Frailty is a syndrome of weight-loss, exhaustion, weakness, slowness, and decreased physical activity. These features combine to make frail individuals more susceptible to physical, psychosocial, and cognitive impairments. Unfortunately, frailty is rather common among elderly individuals. In one study of over 44,000 elderly adults living in the community estimated the overall prevalence of frailty was 10.7%. While the risk of becoming frail increases with old age, frailty is not a normal part of aging. Instead, the syndrome of frailty is driven by biological processes such as inflammation and stem cell dysfunction.
No specific treatment can prevent or reverse frailty. Indeed, the goal of treatment is to maximize the patient’s functional capacity and overall health. The most widely accepted way to manage frailty is a multimodal and multidisciplinary approach. Frail individuals or those at risk for becoming frail are encouraged to participate in strength training and aerobic exercise to build up a cardiovascular reserve and physical fitness. At the same time, substantial efforts are devoted to helping patients consume enough calories to maintain lean muscle and support their immune function. As appetite diminishes, malnutrition can become an issue, so supplemental nutrition may be needed. Physicians can help patients by optimizing medical treatments and reducing the total number of medications prescribed (i.e. avoiding polypharmacy).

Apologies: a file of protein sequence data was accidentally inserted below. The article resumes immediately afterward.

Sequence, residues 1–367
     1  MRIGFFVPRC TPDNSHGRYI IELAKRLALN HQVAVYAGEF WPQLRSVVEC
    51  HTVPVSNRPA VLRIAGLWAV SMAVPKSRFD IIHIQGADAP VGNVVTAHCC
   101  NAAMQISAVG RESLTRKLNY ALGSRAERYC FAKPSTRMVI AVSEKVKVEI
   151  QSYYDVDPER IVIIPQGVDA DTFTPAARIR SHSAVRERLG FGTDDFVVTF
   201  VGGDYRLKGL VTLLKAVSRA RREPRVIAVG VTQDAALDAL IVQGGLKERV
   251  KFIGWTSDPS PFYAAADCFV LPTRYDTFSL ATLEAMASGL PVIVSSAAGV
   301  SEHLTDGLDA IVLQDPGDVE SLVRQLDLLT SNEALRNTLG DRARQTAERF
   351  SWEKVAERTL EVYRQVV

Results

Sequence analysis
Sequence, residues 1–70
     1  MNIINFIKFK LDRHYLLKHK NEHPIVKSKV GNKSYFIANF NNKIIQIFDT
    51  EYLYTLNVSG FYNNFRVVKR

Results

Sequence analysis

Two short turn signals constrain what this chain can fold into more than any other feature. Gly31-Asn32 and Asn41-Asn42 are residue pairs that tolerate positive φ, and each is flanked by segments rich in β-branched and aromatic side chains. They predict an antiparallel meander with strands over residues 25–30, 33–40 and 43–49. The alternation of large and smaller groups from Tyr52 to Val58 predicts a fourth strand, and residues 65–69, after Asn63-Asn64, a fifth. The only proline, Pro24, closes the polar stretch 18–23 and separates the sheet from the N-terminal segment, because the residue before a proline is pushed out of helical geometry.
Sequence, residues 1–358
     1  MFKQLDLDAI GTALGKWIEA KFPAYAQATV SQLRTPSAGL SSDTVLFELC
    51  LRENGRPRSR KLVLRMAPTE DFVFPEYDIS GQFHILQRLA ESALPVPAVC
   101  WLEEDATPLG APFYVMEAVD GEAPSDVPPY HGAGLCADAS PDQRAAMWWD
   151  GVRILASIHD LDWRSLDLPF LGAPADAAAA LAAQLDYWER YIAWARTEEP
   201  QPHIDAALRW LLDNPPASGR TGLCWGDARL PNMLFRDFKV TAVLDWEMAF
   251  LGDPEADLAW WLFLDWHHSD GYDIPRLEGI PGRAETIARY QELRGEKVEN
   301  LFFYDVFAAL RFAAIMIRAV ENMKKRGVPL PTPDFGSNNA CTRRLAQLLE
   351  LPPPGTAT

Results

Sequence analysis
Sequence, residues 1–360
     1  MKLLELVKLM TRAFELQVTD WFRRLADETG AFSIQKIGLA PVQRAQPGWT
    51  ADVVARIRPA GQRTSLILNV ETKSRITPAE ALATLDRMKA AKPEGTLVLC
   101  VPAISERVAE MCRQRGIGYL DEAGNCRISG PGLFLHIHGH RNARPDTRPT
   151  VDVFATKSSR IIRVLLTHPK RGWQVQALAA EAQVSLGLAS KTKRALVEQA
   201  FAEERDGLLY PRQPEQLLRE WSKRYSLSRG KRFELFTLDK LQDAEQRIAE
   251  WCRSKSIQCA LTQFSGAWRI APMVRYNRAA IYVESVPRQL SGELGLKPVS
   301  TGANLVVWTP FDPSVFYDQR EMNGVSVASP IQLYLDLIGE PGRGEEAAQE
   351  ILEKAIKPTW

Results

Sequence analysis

Despite these multimodal treatments, most frail patients tend to get worse over time. One hope of treatment is to slow the rate of decline; however, this is not always possible.
Since frailty is driven by stem cell dysfunction, a reasonable way to prevent or treat frailty could be to provide patients with healthy stem cells. Researchers recently conducted a randomized, double-blind, clinical trial in 30 elderly patients with frailty. Frail patients received an IV infusion of either human mesenchymal stem cells or placebo. The researchers then followed the patients for 6 months to assess the safety and efficacy of the stem cell treatment.
Stem cell treatment resulted in a rather remarkable set of benefits for frail patients. Compared to placebo, patients treated with stem cells performed significantly better on tests of physical strength and stamina. Stem cell-treated patients used calories more efficiently, which is a sign that they were more physically fit than those in the placebo group. Moreover, patients who received stem cells had better lung function at the end of the trial than those in the control group. Interestingly, women who received stem cell treatment reported a substantial increase in sexual quality of life compared to those in the placebo group. Lastly, no patients experienced any treatment-related serious adverse events.
When one considers how difficult it is to treat frailty or even alter its progressive decline, these results are remarkable. Stem cell treatment not only stopped the progression of frailty, but patients actually improved in several important measures including physical strength, physical endurance, lung function, and sexual quality of life. We anxiously await a pivotal clinical trial to confirm these results.
Reference: Tompkins, BA. (2017). Allogeneic Mesenchymal Stem Cells Ameliorate Aging Frailty: A Phase II Randomized, Double-Blind, Placebo-Controlled Clinical Trial. The Journals of Gerontology, Series A, Biological Sciences and Medical Sciences. 2017 Oct 12;72(11):1513-1522.